Bengaluru: The feather game is falling in love with one of the five elements of nature – air! In other words, shuttle is flying out officially. From the comfort zones of indoor stadiums, may be to a park next to your home. To the beaches, to open grounds, fields, streets, under Metro lines and may be to your car park. Mind you, this is AirBadminton.
That was the breaking news from the hangars of Badminton World Federation (BWF) last week, triggering a wide range of debate among the ‘feather fellows’ across the globe. This includes the players, coaches, administrators, fans and everyone who had a knock at the game that has its origins in Pune.
Interestingly, the new format is not just all about playing badminton outdoors as most of us have done some time in our lives. It is also about playing it the new way. After singles and doubles, you could now add another player for triples. Giving you company at the backyard court will be the new avatar of the flying cock named AirShuttle.
Onmanorama takes a close look at badminton’s new version and also captures the thoughts of some of the Indian shuttlers, including the greats, who have tamed the game without the intervention of ‘air force.’
The BWF new regulations say AirBadminton is a development project aimed at creating opportunities for people of all ages and on multiple surfaces.
BWF says there are 300 million active badminton players globally, propelling speed, endurance, strength and agility. If numbers matter, one hour of badminton burns more than 450 calories.
The new version aims to find an effective, economic and sustainable way of encouraging more people to play more badminton in more places.
The BWF idea is to make it easier for everyone to access the sport through a new outdoor format and new shuttlecock.
AirBadminton will be played on hard, grass and sand surfaces. A competitive version of this could be on sand, aimed at increasing its global appeal.
The racket remains the same, but BWF says a lot of thought process and research have gone into the making of the AirShuttle, promising steady flight, longevity and spin response among others.
BWF says sample tests were done for different target groups so that playing the new format has all the positive experience and feel of outdoor badminton.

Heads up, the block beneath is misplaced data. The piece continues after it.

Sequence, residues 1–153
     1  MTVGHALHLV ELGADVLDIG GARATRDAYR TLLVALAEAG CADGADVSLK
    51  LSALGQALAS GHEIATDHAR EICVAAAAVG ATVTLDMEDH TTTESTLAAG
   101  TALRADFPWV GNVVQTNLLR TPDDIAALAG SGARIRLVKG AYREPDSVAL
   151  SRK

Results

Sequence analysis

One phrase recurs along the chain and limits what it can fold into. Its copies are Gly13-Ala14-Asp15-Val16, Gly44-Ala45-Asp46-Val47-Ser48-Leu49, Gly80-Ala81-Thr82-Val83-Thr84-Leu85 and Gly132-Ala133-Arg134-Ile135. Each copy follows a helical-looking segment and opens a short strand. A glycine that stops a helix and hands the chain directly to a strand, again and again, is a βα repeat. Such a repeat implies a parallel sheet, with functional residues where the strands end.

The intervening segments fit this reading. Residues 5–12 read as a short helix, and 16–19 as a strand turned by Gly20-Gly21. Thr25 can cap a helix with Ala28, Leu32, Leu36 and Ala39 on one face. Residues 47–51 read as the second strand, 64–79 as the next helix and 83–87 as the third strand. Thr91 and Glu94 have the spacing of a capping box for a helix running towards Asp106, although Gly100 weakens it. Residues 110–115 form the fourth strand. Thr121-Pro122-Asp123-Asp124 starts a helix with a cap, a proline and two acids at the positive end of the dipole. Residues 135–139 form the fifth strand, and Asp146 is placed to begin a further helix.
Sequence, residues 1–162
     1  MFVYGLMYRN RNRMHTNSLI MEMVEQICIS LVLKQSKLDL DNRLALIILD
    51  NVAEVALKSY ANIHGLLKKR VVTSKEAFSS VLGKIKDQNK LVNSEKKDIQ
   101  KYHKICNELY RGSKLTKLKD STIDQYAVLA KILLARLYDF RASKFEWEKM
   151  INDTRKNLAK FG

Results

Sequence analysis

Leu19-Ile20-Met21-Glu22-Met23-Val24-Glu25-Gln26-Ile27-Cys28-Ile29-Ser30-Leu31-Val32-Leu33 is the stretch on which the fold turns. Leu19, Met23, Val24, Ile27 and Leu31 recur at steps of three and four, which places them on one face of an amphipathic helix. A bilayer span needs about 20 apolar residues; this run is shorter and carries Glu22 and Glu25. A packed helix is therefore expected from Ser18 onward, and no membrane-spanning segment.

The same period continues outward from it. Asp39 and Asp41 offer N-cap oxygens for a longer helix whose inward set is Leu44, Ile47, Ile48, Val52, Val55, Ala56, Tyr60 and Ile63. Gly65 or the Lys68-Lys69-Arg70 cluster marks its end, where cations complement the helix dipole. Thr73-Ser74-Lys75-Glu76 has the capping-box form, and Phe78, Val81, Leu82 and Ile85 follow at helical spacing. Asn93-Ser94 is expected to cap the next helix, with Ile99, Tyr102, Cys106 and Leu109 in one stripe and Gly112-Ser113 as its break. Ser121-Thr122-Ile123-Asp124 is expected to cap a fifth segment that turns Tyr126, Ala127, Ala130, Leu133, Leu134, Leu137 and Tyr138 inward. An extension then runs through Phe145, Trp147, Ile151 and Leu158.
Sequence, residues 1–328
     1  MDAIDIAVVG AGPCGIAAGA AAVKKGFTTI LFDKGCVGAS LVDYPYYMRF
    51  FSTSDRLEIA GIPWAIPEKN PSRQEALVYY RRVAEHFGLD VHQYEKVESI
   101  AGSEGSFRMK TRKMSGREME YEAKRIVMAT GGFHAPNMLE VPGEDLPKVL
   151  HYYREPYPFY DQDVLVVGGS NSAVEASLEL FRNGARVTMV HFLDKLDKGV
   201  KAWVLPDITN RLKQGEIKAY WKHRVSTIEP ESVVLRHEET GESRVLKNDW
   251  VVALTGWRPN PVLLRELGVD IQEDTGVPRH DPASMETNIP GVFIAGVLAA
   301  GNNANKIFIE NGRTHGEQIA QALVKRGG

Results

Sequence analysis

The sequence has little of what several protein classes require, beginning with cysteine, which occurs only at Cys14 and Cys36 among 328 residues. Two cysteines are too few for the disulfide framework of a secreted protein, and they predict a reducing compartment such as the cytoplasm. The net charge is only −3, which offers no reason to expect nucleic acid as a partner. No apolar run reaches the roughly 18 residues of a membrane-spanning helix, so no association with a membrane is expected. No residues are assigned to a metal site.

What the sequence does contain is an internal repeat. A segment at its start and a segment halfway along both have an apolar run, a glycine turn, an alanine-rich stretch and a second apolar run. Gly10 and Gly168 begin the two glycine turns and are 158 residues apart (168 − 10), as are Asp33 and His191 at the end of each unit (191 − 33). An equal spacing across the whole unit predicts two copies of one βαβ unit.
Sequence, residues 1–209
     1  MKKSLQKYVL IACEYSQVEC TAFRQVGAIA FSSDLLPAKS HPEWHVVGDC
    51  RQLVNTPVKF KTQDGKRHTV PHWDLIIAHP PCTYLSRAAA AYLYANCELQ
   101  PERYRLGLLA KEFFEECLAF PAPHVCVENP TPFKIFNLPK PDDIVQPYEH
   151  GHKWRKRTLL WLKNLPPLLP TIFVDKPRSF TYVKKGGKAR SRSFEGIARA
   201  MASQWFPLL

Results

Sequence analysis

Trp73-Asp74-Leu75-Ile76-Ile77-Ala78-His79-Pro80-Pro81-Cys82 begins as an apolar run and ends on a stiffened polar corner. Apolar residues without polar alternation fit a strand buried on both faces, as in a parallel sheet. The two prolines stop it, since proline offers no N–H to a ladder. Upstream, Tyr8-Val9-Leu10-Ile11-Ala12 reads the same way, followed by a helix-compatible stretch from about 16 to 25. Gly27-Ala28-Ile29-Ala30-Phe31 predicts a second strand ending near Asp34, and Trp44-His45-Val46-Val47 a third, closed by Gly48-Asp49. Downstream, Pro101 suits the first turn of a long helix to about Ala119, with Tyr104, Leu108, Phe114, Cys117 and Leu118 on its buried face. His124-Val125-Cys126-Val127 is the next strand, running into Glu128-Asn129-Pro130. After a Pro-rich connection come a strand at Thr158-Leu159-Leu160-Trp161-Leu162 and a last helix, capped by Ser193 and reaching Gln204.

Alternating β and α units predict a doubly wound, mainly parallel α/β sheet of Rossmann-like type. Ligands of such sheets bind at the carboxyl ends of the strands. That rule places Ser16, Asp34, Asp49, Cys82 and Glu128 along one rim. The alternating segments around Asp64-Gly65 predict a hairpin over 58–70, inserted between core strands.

“The development of the AirShuttle has been a five-year project (from 2014) in collaboration with the Institute for Sports Research (ISR) at Nanyang Technological University in Singapore,” says a BWF statement.
The following factors were kept in the mind while developing the new shuttlecock. It must have similar trajectory, acoustics and play feel to that of a traditional indoor shuttle. Similar flight properties with limited influence from humidity variations.
Minimal impact from side and axial wind. The shuttlecocks must be durable and cost-effective.
BWF says over 30 prototypes were subjected to rigorous testing by players from beginner level through to Olympic-level athletes. The feedback enabled further design changes.
“We are currently working with production companies to confirm the manufacturing process and continue the development of the AirShuttle and further improve the stability, durability and performance,” says BWF.
Let’s wait and see: Vimal Kumar
Former Olympian and Chief Coach of India, Vimal Kumar, takes us way back into the ’60s-90s, when outdoor badminton (ball and shuttle) was very popular in South India, especially in Kerala.
“Let’s go back to the ’60s. We all played outdoor badminton and came up. I have played many outdoor tournaments in interior Kerala. The courts were levelled using cow-dung, then they were lit and the matches went on late into the night,” recalls Vimal.
He says what BWF doing is nothing new and feels India is 50 years ahead of the new format being implemented.
“If they really want to see how badminton is played outdoors, then they should go to Kerala and interior areas of Tamil Nadu. The prize money for some tournaments matched national standards. As the indoor format gained prominence, I remember many state associations did ban players from playing outdoors,” recalls Vimal, now part of the Prakash Padukone Badminton Academy.
On the new outdoor format, Vimal feels badminton will become really a great sport, with players having more options now.
“We can introduce badminton to many parts of India. It’s okay for popularizing the game. But real badminton will stay indoors, owing to wind and other factors. It will be like beach volleyball and volleyball,” says Vimal, now settled in Bengaluru.
He says he would want to adopt a wait and watch approach, for now. “You can play outdoors only when the air is still. We also need to groom a generation to play with the new shuttle. I am not sure if with the new shuttle we can get the right strokes, exact placement and other features of a feather shuttle. Let’s wait and see how things unfold,” says Vimal.
New dimension to the game: Gopi
Chief national coach of Indian badminton team Pullela Gopichand told Onmanorama that he’s excited about the possibilities AirBadminton rings in. However, he says it’s too early to make any prediction about the impact of the format.